The three former Homeland Security Secretaries renewed their call for Congress to streamline and consolidate oversight of the Department of Homeland Security, deeming it “a matter of critical importance to national security on which there is broad bipartisan agreement.”
Former DHS Secretaries Tom Ridge, Michael Chertoff and Janet Napolitano said the consolidation of the department “remains the only major recommendation of the 9/11 Commission that ten years later has not been acted upon.” The three former department heads issued a similar call before the current Congress took office in early 2015.
The three submitted a letter to Rep. Pete Sessions (R., Texas), chairman of the House Rules Committee, in advance of hearings for reorganization of the 115th Congress, which assembles in January. In the letter, the three former top Homeland Security leaders cited the work of the Sunnylands-Aspen Institute Task Force, which issued a report on Sept. 11, 2013, the 12th anniversary of 9/11, advising Congress to “reform and strengthen” its oversight of Homeland Security.
In its report the task force, which included 9/11 Commission chair Tom Kean and vice-chair Lee Hamilton, said Congress should significantly reduce the number of committees with jurisdiction over homeland security and consolidate primary oversight under one committee in the House and one in the Senate. The task force said that DHS oversight should resemble that governing other critical departments, such as Defense and Justice.
In the 112th Congress, DHS answered to 92 Congressional committees and 27 additional caucuses, commissions and groups, three times the number overseeing Defense. (For a graphic display of the oversight of DHS, as published in a New York Times ad, click here.)
Unlike the last call to reform oversight, the three leaders proposed leaving immigration jurisdiction with the House Judiciary Committee and leaving undisturbed the Permanent Select Committee’s “broad jurisdiction over intelligence-related matters.”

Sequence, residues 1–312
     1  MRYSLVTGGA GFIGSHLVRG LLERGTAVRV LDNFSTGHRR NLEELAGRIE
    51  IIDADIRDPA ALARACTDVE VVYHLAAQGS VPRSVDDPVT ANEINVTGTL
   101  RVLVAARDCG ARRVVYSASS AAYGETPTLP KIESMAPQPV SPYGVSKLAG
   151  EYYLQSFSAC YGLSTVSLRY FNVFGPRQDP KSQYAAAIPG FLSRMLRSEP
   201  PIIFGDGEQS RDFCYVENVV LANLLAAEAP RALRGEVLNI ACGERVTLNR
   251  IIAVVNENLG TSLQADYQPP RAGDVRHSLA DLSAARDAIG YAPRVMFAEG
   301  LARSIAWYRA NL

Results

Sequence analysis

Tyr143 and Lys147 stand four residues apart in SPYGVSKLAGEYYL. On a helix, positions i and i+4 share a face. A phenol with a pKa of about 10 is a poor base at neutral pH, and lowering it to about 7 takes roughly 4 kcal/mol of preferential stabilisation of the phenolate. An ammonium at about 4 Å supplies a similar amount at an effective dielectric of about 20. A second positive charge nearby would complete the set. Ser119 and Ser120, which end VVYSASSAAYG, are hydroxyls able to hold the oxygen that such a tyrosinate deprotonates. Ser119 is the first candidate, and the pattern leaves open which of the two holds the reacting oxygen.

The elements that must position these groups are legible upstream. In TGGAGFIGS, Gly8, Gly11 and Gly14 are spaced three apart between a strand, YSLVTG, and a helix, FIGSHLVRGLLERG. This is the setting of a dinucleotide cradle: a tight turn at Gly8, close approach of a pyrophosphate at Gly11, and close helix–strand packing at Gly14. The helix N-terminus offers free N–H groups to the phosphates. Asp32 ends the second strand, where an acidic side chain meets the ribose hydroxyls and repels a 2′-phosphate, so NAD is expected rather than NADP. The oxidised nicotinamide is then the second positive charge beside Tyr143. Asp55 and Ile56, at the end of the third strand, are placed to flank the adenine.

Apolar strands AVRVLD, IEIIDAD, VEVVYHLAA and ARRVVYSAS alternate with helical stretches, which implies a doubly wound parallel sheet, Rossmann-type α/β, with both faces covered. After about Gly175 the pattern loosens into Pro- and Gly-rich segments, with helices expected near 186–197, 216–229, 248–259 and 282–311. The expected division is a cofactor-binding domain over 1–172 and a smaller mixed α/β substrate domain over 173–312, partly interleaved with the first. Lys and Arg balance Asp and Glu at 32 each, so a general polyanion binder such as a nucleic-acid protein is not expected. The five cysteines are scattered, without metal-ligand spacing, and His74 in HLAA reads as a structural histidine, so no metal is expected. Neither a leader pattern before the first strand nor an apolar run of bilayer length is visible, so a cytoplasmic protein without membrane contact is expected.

“We recognize that this proposal vests less jurisdiction in the House Homeland Security Committee than past versions we have supported, but believe that this change is achievable, and represents real progress toward resolving a longstanding and thorny challenge,” the three leaders said.
The Sept. 20 letter was released by the Annenberg Public Policy Center (APPC) and the Aspen Institute Justice and Society Program. In the spring of 2013, APPC and the Aspen program organized the Sunnylands-Aspen Institute Task Force, which met at the Annenberg Retreat at Sunnylands. Along with Kean and Hamilton, the task force included former DHS Secretary Chertoff and former U.S. Coast Guard commandant Thad Allen. The retreat was organized by APPC director Kathleen Hall Jamieson, who is program director at Sunnylands, and Meryl Justin Chertoff, executive director of the Aspen Institute’s Justice and Society Program.
To see the names of more than 60 experts who supported streamlining oversight in a statement published in the Wall Street Journal, click here. To watch the video “Homeland Confusion” on this issue, click here. And click here to read a New York Times op-ed by Kean and Hamilton on why “our country is still not as safe as it could and should be.”